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Clyde Cancer Cluster lawsuit pushed, pushed back

Tom Jackson • Apr 9, 2013 at 7:41 AM

Attorney Alan Mortensen, of Salt Lake City, is representing seven families affected by the Clyde Cancer Cluster.

Mortensen said he has asked the U.S. EPA and Ohio EPA to carry out more tests and to weigh in on the significance of the results. His firm has hired chemists, epidemiologists and toxicologists in an attempt to make sense of the results.

“We don’t want to rush to judgment,” he said.

Noting a lawsuit has now been filed in the cancer cluster case, Mortensen said he wants to proceed carefully, to avoid misusing the results from the the initial tests his law firm conducted.

Dust samples were taken in six Clyde homes in an effort to find airborne particulates that might include cancer-causing substances.

A lawsuit is possible in the future if the cause of the cancers can be established, Mortensen said.

On March 28, Tim Lagrou, of Fremont, filed a lawsuit linking PCBs at the former Whirlpool Park to the cancer that killed his wife, Christina Lagrou.

Mortensen has suggested the lawsuit may be premature, but he also said he doesn’t know what additional information may have been obtained by Albrechta & Coble, the law firm that filed suit.

Warren Brown, father of Alexa Brown — an 11-year-old Sandusky County girl who died of cancer — also spoke at the press conference, where he criticized the Albrechta & Coble lawsuit.

Brown alleged that people seeking “the almighty dollar” to ease their loss have pressed the lawsuit.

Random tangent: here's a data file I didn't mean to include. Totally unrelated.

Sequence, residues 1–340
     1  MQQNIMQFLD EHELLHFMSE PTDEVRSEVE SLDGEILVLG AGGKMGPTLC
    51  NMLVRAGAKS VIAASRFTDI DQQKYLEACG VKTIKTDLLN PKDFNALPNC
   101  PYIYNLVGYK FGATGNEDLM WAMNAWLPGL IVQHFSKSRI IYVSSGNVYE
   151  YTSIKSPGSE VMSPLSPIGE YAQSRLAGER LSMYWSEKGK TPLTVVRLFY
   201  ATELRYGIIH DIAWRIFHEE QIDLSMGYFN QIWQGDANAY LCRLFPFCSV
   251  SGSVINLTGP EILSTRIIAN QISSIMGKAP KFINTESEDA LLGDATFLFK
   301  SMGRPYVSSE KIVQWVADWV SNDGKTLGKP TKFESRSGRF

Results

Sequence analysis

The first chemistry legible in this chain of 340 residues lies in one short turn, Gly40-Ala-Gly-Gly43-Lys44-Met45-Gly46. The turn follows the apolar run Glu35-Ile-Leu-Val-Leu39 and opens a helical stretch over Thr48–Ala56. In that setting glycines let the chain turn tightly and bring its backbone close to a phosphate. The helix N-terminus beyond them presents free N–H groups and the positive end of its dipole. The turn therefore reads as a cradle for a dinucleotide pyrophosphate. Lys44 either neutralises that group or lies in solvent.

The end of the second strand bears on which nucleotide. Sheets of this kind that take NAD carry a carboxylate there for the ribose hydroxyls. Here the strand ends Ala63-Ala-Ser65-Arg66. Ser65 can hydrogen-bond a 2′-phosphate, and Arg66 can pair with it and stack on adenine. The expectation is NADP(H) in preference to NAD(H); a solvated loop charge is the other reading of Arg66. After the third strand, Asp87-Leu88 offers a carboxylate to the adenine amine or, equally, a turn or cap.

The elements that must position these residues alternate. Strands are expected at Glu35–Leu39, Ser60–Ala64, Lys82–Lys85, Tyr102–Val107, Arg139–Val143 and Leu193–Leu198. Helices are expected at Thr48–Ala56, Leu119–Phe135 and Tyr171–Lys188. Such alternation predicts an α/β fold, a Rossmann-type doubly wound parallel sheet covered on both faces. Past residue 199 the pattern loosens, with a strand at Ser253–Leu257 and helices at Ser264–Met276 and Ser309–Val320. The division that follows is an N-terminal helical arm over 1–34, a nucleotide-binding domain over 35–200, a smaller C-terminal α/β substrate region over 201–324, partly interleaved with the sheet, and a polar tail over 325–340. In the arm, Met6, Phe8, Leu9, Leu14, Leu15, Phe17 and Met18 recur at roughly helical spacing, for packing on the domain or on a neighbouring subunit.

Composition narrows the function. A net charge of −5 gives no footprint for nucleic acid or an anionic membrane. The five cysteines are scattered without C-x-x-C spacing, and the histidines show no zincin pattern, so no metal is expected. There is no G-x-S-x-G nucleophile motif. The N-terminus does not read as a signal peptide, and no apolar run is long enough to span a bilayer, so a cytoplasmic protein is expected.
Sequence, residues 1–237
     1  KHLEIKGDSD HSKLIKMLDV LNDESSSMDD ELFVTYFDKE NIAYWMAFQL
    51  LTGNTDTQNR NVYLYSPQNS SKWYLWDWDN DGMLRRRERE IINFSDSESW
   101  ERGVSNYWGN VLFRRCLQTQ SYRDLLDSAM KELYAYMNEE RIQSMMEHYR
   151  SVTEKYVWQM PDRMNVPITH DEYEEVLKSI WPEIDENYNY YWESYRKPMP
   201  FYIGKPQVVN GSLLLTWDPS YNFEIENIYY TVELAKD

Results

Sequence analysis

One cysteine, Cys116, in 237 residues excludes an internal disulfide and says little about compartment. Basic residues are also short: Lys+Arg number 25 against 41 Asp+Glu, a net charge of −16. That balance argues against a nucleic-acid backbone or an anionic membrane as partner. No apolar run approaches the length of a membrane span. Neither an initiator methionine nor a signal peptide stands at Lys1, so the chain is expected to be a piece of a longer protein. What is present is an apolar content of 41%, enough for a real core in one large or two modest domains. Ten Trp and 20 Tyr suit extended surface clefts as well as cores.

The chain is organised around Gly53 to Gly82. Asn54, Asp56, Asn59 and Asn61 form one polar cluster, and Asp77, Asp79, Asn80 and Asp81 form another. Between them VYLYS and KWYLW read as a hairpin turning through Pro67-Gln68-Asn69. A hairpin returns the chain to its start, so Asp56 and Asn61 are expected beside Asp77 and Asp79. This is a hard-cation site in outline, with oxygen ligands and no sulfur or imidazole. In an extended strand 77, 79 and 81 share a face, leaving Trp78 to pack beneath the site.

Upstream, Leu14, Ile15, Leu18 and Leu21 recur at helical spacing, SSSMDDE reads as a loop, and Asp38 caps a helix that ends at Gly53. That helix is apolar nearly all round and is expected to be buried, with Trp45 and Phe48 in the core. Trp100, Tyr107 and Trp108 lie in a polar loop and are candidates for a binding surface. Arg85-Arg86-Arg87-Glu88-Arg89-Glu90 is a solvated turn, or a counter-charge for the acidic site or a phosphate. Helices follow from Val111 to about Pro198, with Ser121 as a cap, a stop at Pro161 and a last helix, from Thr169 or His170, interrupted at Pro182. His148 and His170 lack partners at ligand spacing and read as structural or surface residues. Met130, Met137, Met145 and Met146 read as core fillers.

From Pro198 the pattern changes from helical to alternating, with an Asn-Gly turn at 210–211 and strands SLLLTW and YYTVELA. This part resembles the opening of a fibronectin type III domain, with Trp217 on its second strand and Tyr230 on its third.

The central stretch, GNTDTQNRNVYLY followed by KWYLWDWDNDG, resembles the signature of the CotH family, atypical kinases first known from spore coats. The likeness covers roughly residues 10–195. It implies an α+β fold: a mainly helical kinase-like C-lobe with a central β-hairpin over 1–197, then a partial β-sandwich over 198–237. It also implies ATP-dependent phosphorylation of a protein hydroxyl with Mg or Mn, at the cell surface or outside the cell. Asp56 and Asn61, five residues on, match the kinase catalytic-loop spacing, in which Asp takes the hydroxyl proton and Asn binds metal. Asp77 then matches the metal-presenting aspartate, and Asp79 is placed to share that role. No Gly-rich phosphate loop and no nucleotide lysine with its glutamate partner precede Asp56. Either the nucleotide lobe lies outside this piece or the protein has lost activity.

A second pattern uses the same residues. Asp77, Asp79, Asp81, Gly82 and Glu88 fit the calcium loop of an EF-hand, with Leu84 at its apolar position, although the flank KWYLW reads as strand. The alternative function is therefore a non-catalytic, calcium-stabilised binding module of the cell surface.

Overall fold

“They have filed suit prematurely and opportunistically,” Brown said, noting that he’s speaking for himself and not necessarily for other families involved in the cancer cluster.

Attorneys at Albrechta & Coble could not immediately be reached for comment, but an employee said the firm will issue a response to the criticism soon.

The Clyde Cancer Cluster involves the deaths of at least four young people, as well as up to 40 others who were stricken by the disease. 

In other developments:  

• Mortensen said tests of samples taken from Clyde’s water treatment plant did not show anything significant, and he got good cooperation from Clyde municipal officials when those tests were carried out. “They were a pleasure to work with,” he said.

• New tests for contaminants at the former Whirlpool Park has not begun yet, but are still expected to begin soon, said Thomas Bowlus, a Fremont attorney who represents the Abdoo family, the current owners of the former Whirlpool property.

Last year, initial U.S EPA tests found PCBs and other possibly toxic substances. Whirlpool has promised to carry out further tests, and details are being worked out under the supervision of U.S. EPA officials. 

Bowlus said he has quit making predictions of when testing will begin because he had thought tests would have begun by now. He said it’s possible tests could begin in the next three to four weeks. A written plan for the testing has taken longer to produce than expected, he explained. U.S. EPA officials are pushing hard for tests to begin, he said.

“They wanted it to have been started already,” Bowlus said.

• Clyde Cancer Cluster families hope that the new head of the EPA will visit Clyde, Mortensen said. Former EPA administrator Lisa Jackson had promised to come but never showed up before stepping down as the agency head. President Obama has nominated Gina McCarthy, a current EPA official. She’s awaiting Senate confirmation.

• Mortensen said he’s added additional heft to his legal team by bringing in Toledo attorney Charles Boyk, from the Charles Boyk Law Offices personal injury law firm. Boyk, featured at Monday’s press conference, told reporters that he had done research on Mortensen and found that Mortensen is a “national player” in toxic torts and is a member of a top law firm in Utah.

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